Three-team deal sending Granderson to Yanks reaches impasse

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So, it was the Bombers.
FOXSports.com is reporting that the Yankees, Tigers and Diamondbacks have discussed a three-team deal involving Curtis Granderson and Edwin Jackson, but that talks are at an impasse.
It’s the same sort of scenario we discussed earlier here. The Tigers would send Granderson to the Yankees and Jackson to the Diamondbacks in return for Scherzer from Arizona. Of course, several more pieces would have to change hands as well.
But what pieces? Austin Jackson to Detroit remains an obvious option. The Tigers should be satisfied with a Scherzer/A-Jax return for their two big pieces. But Arizona would have to get something substantial to even up the deal on their end. The Yankees shouldn’t be interested in giving up Phil Hughes, Joba Chamberlain or Jesus Montero, but just about anyone else in the farm system could be up for grabs in such a scenario.
But I’m still not sure it works. It’s a big downgrade from the top four pieces to any of the Yankees’ other prospects, and I’m not sure any one or two of them would make up for the difference in the values of Scherzer and Jackson. Plus, it only makes sense for the Diamondbacks to give up Scherzer for Jackson if they intend to make a run in 2010. That would seem to make getting Hughes or Chamberlain a must. Could the Diamondbacks throw in a youngster or two themselves in order land Chamberlain? I think it’s doubtful, but it doesn’t sound like talks are dead yet.
According to the report, the Diamondbacks have been the driving force here. If they really want to do something involving Scherzer and Jackson, they should eventually find a third team to make it work. The Cubs and Angels also desire Curtis Granderson, and the Red Sox never let a three-team scenario pass them by without seeing if they can stick their noses in somehow. We’ll be hearing more about this one.
Update – And as I was writing, we were hearing more.
FOXSports.com has gone on to report that, besides the three major pieces, the Diamondbacks would have gotten Ian Kennedy from the Yankees, the Yankees would have gotten prospects from Arizona and the Tigers would have received Austin Jackson, Phil Coke and Michael Dunn from the Yankees.
This pretty clearly doesn’t work for Arizona. Kennedy’s lost much of his value over the two years, and while he’s still intriguing as a fourth or fifth starter, he doesn’t make up for the difference between Edwin and Scherzer. Oddly enough, tjhough, the Ken Rosenthal/Jon Paul Morosi report indicates that it is one of the other two teams that has rejected the deal.

Phillies walk off winners thanks to a poor decision by Marcell Ozuna

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The Phillies’ bullpen, which has not been good as of late, gift-wrapped Monday’s game for the Cardinals. Starter Nick Pivetta was brilliant, fanning 13 while allowing two runs in 7 1/3 innings. But things unraveled after he left the game. Victor Arano took over for Edubray Ramos to start the ninth inning with the Phillies leading 4-2, but he allowed a one-out single and a double. After striking out Harrison Bader, Arano appeared to strike out Yairo Munoz for the final out of the game, but the ball trickled through the legs of catcher Andrew Knapp, allowing a run to score and the tying run to move to third base. Lefty Adam Morgan came in to face pinch-hitter Kolten Wong. Wong tied the game up, sneaking a single into center field.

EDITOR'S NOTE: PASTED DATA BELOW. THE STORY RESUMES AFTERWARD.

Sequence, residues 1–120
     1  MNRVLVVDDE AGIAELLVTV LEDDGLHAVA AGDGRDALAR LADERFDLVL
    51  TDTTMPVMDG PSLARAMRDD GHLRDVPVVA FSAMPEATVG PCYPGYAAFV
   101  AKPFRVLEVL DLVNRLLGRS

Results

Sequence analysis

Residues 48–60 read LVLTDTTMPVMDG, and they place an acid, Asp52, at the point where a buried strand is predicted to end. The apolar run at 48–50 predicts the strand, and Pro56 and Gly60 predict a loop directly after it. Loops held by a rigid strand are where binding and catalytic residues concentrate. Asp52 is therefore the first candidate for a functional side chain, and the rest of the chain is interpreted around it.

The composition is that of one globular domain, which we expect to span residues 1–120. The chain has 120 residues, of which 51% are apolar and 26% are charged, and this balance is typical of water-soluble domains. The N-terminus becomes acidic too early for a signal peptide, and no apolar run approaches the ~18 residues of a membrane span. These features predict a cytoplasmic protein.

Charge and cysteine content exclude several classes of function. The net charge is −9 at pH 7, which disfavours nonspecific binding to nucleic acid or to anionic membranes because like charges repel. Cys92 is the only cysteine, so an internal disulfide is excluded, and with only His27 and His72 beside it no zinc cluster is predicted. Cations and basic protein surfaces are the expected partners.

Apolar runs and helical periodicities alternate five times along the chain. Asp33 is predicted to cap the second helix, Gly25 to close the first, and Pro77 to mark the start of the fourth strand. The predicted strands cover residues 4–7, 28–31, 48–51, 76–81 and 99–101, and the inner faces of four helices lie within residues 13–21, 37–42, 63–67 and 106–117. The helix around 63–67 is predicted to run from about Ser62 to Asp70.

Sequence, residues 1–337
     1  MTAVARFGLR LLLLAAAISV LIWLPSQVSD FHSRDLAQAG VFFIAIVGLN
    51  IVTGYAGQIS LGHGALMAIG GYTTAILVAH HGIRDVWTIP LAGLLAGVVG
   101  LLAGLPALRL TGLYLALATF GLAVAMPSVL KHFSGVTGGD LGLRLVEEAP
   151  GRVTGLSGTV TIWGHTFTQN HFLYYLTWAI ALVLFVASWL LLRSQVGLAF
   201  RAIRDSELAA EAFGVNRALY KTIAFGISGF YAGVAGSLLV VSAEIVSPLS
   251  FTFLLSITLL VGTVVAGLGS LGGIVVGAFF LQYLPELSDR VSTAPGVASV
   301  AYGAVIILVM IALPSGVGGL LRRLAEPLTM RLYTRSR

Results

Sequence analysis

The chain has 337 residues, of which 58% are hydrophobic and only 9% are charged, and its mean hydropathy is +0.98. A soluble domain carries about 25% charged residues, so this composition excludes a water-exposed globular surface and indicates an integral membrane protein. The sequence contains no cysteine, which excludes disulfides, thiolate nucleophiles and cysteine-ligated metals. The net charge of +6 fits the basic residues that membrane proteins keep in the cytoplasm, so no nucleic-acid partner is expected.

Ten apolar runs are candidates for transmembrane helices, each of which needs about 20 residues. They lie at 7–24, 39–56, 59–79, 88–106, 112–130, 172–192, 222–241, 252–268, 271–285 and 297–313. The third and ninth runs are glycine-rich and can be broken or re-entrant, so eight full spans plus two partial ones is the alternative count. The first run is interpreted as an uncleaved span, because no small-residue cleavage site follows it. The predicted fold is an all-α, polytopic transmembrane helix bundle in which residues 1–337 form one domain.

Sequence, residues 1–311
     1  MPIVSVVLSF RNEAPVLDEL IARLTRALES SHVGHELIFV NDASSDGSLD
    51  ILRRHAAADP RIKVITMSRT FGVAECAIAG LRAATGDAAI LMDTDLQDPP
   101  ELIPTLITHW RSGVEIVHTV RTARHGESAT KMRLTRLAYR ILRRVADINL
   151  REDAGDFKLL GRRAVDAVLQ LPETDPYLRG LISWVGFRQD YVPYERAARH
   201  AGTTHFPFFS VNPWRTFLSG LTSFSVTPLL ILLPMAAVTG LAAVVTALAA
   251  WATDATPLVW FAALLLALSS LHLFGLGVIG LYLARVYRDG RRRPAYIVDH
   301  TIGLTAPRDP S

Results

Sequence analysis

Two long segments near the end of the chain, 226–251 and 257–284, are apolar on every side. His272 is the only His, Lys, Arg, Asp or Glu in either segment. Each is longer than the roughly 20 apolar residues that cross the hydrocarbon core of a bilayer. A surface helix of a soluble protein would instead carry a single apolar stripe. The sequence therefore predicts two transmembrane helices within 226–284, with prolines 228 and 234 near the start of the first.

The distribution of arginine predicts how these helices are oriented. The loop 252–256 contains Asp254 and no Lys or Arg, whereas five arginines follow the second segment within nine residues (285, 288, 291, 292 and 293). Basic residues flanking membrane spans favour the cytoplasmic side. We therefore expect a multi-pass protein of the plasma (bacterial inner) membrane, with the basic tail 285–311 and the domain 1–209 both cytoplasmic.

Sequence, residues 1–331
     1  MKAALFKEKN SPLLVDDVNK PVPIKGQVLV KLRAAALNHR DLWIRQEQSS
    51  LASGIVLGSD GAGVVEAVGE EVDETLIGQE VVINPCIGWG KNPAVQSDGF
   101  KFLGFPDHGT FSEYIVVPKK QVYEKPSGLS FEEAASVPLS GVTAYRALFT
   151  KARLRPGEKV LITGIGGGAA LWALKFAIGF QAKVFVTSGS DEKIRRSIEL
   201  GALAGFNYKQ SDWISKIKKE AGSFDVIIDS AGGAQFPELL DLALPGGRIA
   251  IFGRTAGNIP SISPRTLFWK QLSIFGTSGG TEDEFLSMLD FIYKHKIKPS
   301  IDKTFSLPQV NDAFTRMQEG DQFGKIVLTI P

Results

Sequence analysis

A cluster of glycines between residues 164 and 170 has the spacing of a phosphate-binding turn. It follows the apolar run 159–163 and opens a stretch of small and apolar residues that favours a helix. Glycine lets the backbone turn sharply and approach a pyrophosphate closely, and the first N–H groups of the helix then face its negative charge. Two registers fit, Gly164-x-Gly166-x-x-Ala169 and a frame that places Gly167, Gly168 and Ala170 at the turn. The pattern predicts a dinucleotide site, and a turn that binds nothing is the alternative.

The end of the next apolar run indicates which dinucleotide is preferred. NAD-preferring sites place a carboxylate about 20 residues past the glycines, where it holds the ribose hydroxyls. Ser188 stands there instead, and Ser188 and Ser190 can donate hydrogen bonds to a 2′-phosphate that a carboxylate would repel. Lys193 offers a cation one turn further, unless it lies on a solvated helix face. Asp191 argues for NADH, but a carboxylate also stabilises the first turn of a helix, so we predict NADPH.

In the 10th inning, Jake Thompson gave up the go-ahead run on a leadoff home run to Tommy Pham. It seemed like it was just going to be another one of those losses that have become increasingly common for the Phillies lately. But the Phillies’ offense didn’t go down quietly, even though it hadn’t put a runner on second base since the start of the second inning when J.P. Crawford doubled. In the bottom half of the 10th, Hoskins blooped a single into shallow left-center to start the inning. Hoskins moved to second base on a ground out from Odubel Herrera. Matt Bowman intentionally walked Carlos Santana, then struck out Jesmuel Valentin. That brought up Aaron Altherr, who replaced Nick Williams after Williams took a baseball to the face off of the right field fence. Bowman fell behind 2-1, then threw a 90 MPH fastball that Altherr lined into left field. Rather than keep the ball in front of him, Marcell Ozuna decided to dive for the ball to make the final out, but he missed. The ball trickled past him, allowing the tying and the game-winning runs to score, giving the Phillies a come-from-behind win.

On the list of people happy to see Ozuna miss that ball are Altherr (of course), Arano, Morgan, and Thompson. But perhaps no one was happier than manager Gape Kapler. The win might help take the heat off of him somewhat after another poor performance from the bullpen. When a team struggles, everyone wants a scapegoat and Kapler is an easy target. He has been all year, undeservingly.

Phillies radio broadcaster and former major league reliever Larry Anderson said after the bullpen meltown, “Not everybody can pitch in the ninth inning. And I know Gabe Kapler thinks they can, but they can’t.” Aside from Ramos and Seranthony Dominguez (who was unavailable after throwing 52 pitches between Saturday and Sunday in Milwaukee), no one in that bullpen has been reliable. The closer, Hector Neris, just got optioned to Triple-A. You work with what you have, and right now, Kapler doesn’t have a whole lot. Thankfully for him, he wasn’t punished with another loss thanks to Ozuna.